Houston Chapter 7 Bankruptcy Attorney | Costs & Requirements

To file a Chapter 7 bankruptcy to eliminate medical bills, credit card debt and other unsecured debt, you will need to take a Texas means test. But only people with higher incomes who want to file for Chapter 7 are required to pass the test. If you have an income lower than the Texan median for your household size, you are exempt from the test and may file a Chapter 7.

Texas Ch. 7 Bankruptcy Means Test Requirements

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People with income higher than the Texan median need to complete the means test calculation. This is to help determine if they can pay back a portion of their unsecured debts through a Chapter 13 bankruptcy. However, debtors with mostly business debts are exempt from the bankruptcy means test regardless of their expenses or income.

Disabled veterans that got into debt when they were actively serving or were performing homeland security duties are also exempt from the means test.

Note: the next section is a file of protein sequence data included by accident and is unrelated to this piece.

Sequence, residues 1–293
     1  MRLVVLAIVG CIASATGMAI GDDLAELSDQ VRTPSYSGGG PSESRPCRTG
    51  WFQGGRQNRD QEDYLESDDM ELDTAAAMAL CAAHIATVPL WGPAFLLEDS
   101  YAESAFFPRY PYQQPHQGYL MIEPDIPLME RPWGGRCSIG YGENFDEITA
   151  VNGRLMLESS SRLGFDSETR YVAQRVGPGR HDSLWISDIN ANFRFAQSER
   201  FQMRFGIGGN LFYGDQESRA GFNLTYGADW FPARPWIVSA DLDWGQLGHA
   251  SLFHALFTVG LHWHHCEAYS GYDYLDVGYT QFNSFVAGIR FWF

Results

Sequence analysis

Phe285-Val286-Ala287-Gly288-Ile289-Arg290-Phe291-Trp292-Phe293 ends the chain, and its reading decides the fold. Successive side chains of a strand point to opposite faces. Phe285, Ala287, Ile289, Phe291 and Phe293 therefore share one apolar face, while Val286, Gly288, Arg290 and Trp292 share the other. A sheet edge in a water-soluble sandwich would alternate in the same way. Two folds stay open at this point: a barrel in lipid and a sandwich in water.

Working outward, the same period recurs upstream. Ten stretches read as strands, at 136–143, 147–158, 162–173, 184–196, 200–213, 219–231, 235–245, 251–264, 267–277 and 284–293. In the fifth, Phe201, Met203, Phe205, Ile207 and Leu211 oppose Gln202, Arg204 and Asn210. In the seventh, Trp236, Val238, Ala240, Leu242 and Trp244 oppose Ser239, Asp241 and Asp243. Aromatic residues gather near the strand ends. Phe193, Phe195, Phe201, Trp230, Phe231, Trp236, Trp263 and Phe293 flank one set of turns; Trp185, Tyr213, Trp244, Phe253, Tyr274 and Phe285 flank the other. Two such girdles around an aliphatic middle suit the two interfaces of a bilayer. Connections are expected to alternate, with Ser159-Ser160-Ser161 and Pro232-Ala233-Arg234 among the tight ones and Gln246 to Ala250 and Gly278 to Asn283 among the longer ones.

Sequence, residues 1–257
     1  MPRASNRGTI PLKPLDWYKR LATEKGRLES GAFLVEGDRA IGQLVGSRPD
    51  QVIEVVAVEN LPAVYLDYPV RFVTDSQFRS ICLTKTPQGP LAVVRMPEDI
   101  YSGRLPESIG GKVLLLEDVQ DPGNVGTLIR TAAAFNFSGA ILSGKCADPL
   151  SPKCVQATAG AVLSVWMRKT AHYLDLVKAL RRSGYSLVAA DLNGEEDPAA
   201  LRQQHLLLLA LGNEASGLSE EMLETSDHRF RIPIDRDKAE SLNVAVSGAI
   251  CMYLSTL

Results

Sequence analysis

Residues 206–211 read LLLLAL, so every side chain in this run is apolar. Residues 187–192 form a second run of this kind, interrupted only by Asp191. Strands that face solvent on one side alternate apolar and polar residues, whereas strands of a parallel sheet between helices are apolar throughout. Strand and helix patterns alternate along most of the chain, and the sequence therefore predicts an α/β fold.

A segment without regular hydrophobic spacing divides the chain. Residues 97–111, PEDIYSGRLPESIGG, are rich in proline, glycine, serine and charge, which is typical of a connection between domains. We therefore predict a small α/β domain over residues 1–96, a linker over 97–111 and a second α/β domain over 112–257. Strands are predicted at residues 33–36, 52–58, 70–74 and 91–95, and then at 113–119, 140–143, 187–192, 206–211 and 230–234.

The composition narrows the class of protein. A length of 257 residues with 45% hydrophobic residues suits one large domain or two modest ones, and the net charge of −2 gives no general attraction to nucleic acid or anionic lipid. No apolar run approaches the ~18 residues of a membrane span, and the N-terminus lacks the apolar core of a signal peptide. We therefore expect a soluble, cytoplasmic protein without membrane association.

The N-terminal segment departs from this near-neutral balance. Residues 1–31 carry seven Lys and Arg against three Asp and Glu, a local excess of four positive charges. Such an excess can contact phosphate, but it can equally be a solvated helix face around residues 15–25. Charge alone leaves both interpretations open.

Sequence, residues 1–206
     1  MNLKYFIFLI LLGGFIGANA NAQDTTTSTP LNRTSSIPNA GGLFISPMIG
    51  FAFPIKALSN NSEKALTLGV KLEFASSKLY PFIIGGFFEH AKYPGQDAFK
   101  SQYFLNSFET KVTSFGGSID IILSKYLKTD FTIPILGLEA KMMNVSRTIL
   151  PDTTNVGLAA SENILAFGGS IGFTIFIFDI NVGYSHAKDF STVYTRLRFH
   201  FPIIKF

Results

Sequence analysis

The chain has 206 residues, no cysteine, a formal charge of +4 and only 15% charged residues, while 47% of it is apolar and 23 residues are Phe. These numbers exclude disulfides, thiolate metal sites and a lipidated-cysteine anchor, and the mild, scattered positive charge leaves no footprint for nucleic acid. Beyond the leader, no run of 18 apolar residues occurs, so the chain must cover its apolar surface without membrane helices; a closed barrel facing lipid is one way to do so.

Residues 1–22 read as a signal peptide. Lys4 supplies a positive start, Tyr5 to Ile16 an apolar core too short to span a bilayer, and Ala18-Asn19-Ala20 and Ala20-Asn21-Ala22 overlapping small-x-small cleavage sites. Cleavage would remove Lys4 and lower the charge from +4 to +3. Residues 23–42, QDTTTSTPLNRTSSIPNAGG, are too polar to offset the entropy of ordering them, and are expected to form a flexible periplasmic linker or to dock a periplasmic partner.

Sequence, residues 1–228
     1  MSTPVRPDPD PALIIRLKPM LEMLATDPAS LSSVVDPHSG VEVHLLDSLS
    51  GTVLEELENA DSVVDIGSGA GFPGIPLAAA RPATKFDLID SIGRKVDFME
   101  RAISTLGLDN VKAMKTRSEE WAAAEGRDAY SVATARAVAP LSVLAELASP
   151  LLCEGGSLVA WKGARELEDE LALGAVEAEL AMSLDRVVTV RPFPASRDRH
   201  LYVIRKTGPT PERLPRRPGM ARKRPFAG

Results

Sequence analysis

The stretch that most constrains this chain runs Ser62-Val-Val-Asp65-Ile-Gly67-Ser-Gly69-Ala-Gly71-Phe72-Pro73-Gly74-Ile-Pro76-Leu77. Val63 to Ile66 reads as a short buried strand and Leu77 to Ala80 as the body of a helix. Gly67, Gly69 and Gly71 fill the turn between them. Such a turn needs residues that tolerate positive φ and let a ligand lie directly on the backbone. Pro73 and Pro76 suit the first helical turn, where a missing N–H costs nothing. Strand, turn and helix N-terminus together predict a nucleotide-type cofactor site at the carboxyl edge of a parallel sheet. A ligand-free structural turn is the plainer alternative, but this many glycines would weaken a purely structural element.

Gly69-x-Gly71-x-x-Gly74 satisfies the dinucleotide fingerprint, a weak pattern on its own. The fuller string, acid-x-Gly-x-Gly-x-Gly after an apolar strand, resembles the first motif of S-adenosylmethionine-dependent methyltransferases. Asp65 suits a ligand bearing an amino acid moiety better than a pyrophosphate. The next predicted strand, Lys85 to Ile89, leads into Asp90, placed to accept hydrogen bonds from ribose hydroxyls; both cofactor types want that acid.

Chapter 7 Eligibility

Chapter 7 Cost

Median Income in Texas

You can file a Chapter 7 bankruptcy if your current monthly income (CMI) is less than the Texas Median Income for a household of your size. You automatically pass the means test and will not need to fill out additional forms. Your CMI is the average monthly income you get from all sources during the full six month period before you file for bankruptcy.

To get your average monthly income, just add the total income you got from all sources during the six months and divide that by six. Sometimes your income may have declined over the last six months. In that situation, just wait one or more months to increase the chances for bringing your income under the median level for Texas.

Your annual income is your average income multiplied by 12.

Chapter 7 Bankruptcy Means Test

You are required to complete a means test by calculating your income and expense information. But you must only do this if your income is over the Texas median income for a household your size.  Information such as your current monthly income (CMI) is needed to complete the calculations.